The Jay Leno Show and the rise of political humor
Jay Leno's new show debuts tonight and features a Washington-based political correspondent.
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Since humor provides a window into the nation's soul, the rise of headline comedy says a lot about who we are at the moment. Certainly the ability to laugh at our political leaders, and by extension ourselves, is a sign of a healthy society. Some comedians even get more grandiloquent about it than that: They see the purveyors of today's headline humor as not only providing entertainment, but also incisive social commentary at a time when the real media increasingly can't or won't.Skip to next paragraph
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Yet others see the nightly guffaws about Sarah Palin's IQ and Barack Obama's ears adding to the cynicism about government, turning the nation of Jefferson into a nation of smart alecks. In the end, is all this laughter helping us become more politically sophisticated or more superficial?
TO ILLUSTRATE THE "normalization" of news-based humor, look no further than the three-decade journey of "Weekend Update," the segment on "Saturday Night Live," in which comedians sit at an anchor desk and satirize the week's events. The sketch, pioneered in the 1970s, is the longest-running recurring segment on "SNL." But it has always been just one sketch on the show, which airs late Saturday night. For this fall, NBC has ordered six episodes of the fake news show for its prime-time lineup on Thursday night.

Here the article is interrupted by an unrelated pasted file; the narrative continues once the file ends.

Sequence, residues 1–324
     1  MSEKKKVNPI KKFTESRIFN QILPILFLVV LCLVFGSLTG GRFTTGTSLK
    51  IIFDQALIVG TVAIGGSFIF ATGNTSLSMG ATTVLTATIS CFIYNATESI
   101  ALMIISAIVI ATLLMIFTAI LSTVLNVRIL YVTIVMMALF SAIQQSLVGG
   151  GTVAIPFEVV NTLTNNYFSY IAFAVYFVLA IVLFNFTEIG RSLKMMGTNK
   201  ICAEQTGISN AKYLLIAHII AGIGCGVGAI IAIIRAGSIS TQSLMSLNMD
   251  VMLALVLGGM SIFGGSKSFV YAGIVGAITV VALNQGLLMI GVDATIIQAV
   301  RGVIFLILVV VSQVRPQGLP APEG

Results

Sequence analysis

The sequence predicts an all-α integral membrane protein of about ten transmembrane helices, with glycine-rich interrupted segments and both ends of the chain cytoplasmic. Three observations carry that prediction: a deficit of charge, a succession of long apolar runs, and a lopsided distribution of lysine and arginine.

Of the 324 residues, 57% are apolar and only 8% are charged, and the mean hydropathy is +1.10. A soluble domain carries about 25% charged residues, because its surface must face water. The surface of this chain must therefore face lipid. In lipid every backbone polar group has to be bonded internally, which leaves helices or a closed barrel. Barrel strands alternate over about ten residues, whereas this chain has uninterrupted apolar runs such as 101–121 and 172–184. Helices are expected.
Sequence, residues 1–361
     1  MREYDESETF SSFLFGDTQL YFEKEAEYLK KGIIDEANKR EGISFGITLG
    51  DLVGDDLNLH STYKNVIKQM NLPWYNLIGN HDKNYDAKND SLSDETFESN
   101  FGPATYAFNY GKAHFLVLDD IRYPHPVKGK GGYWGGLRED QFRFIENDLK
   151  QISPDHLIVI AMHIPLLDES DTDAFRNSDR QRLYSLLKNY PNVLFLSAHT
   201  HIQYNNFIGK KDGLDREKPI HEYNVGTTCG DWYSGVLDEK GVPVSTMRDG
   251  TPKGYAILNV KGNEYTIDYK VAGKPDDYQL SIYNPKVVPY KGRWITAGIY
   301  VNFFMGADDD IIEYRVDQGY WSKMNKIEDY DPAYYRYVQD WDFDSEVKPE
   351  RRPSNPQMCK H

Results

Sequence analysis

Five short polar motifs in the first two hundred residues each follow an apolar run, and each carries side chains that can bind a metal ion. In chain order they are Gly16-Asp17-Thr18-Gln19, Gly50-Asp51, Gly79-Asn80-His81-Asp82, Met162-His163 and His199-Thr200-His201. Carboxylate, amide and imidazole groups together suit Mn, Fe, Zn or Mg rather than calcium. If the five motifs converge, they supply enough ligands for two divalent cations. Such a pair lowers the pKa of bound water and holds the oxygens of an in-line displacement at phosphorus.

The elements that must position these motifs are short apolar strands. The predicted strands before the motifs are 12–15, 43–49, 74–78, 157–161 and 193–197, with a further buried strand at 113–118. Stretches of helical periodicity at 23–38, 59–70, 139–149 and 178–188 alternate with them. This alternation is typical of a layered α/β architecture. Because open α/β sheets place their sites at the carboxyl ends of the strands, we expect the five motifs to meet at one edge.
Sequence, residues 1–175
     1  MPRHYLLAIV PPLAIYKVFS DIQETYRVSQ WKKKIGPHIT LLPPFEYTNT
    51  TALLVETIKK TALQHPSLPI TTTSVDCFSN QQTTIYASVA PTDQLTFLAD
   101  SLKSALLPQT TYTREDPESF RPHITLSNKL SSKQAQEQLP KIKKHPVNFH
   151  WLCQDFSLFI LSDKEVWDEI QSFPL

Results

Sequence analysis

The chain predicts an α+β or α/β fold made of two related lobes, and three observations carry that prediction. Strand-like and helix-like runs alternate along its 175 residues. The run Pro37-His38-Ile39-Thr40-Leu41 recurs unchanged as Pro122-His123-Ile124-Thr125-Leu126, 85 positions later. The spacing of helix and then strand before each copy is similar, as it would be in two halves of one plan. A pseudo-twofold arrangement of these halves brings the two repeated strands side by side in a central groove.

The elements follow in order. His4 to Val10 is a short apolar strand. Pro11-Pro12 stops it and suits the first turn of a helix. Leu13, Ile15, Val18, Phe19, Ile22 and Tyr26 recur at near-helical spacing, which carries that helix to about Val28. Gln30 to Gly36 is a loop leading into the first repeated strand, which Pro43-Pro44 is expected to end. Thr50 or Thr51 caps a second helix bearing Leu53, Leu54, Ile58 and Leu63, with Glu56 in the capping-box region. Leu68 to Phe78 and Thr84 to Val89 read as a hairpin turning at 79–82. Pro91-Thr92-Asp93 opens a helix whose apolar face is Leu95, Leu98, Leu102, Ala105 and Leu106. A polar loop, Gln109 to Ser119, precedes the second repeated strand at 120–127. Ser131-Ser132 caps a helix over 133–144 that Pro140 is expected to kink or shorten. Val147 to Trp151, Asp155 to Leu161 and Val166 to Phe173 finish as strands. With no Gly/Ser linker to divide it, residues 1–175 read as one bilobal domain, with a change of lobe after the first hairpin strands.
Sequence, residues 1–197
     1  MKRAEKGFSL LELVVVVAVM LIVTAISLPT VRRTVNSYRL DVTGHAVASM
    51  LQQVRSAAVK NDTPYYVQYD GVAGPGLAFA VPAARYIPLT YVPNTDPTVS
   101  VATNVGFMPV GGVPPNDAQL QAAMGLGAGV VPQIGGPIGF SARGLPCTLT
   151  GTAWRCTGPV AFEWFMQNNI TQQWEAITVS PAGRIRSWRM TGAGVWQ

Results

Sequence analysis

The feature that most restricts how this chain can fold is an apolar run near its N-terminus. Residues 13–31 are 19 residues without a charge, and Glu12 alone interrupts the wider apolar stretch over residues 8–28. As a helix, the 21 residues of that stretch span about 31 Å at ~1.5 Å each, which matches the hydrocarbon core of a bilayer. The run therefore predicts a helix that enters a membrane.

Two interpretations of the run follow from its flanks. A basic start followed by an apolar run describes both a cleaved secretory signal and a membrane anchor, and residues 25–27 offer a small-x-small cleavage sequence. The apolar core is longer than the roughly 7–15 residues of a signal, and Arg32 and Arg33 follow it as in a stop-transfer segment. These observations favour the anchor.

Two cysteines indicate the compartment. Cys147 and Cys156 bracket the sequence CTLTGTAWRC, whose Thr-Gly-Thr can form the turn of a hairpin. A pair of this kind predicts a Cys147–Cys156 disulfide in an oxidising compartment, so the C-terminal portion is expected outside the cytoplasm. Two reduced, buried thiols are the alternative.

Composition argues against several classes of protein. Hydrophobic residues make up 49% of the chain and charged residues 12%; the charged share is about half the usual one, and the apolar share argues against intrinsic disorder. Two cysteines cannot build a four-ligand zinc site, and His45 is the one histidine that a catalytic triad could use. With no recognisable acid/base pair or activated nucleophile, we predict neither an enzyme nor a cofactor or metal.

The move by Jay Leno to prime time (10 p.m.) Sept. 14 for a full hour of nightly comedy also underscores the rise of headline humor. His show will come complete with comedian D.L. Hughley as a Washington-based "political correspondent" and regular updates from actual NBC news anchor Brian Williams.
Or, if you need a third example of the ubiquity of satire today, consider the evolution of comedians entertaining US troops. As part of his USO tour in 1968, Bob Hope performed at Cam Ranh Bay in Vietnam, accompanied by singer/dancer/heartthrob Ann-Margret, Miss World Penelope Plummer, and the Golddigger Dancers in miniskirts.
Mr. Hope didn't veer much into the politics of the war, in part because he was an ardent supporter of it. But even if his stance would have been different, the war was not a topic you broached blithely at the time: Don't forget that CBS canceled "The Smothers Brothers Comedy Hour" in the late 1960s – when it was the No. 1 show on television – largely for being too critical of Vietnam.
Contrast that with Mr. Colbert's recent trip to Iraq. The war was almost his entire shtick. At one point, he interviewed Iraq's deputy prime minister, Barham Saleh, onstage. "Bob Hope's material stayed far away from the realities of the Vietnam War," says Robert Thompson, founding director of the Bleier Center for Television and Popular Culture at Syracuse University in New York. "But Stephen Colbert kept it onstage at all times."